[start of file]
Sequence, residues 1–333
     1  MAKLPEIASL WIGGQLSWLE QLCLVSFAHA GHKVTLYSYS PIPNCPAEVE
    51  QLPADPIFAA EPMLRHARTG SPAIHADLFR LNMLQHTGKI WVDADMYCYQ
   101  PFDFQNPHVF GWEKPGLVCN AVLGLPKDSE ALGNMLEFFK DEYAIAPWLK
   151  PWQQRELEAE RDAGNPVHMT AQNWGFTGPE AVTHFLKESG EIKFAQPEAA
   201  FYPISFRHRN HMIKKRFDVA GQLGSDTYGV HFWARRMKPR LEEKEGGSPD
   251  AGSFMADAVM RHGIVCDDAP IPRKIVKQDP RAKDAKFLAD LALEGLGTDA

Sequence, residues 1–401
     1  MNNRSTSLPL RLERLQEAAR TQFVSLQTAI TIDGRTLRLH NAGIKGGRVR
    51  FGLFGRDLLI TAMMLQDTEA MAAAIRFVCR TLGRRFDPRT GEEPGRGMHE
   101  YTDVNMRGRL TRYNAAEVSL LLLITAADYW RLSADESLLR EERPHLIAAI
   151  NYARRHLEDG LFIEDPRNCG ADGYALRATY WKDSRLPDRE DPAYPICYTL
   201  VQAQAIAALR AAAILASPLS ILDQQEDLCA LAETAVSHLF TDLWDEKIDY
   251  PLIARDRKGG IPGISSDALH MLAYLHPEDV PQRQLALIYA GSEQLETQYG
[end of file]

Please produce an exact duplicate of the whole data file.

Sequence, residues 1–333
     1  MAKLPEIASL WIGGQLSWLE QLCLVSFAHA GHKVTLYSYS PIPNCPAEVE
    51  QLPADPIFAA EPMLRHARTG SPAIHADLFR LNMLQHTGKI WVDADMYCYQ
   101  PFDFQNPHVF GWEKPGLVCN AVLGLPKDSE ALGNMLEFFK DEYAIAPWLK
   151  PWQQRELEAE RDAGNPVHMT AQNWGFTGPE AVTHFLKESG EIKFAQPEAA
   201  FYPISFRHRN HMIKKRFDVA GQLGSDTYGV HFWARRMKPR LEEKEGGSPD
   251  AGSFMADAVM RHGIVCDDAP IPRKIVKQDP RAKDAKFLAD LALEGLGTDA

Sequence, residues 1–401
     1  MNNRSTSLPL RLERLQEAAR TQFVSLQTAI TIDGRTLRLH NAGIKGGRVR
    51  FGLFGRDLLI TAMMLQDTEA MAAAIRFVCR TLGRRFDPRT GEEPGRGMHE
   101  YTDVNMRGRL TRYNAAEVSL LLLITAADYW RLSADESLLR EERPHLIAAI
   151  NYARRHLEDG LFIEDPRNCG ADGYALRATY WKDSRLPDRE DPAYPICYTL
   201  VQAQAIAALR AAAILASPLS ILDQQEDLCA LAETAVSHLF TDLWDEKIDY
   251  PLIARDRKGG IPGISSDALH MLAYLHPEDV PQRQLALIYA GSEQLETQYG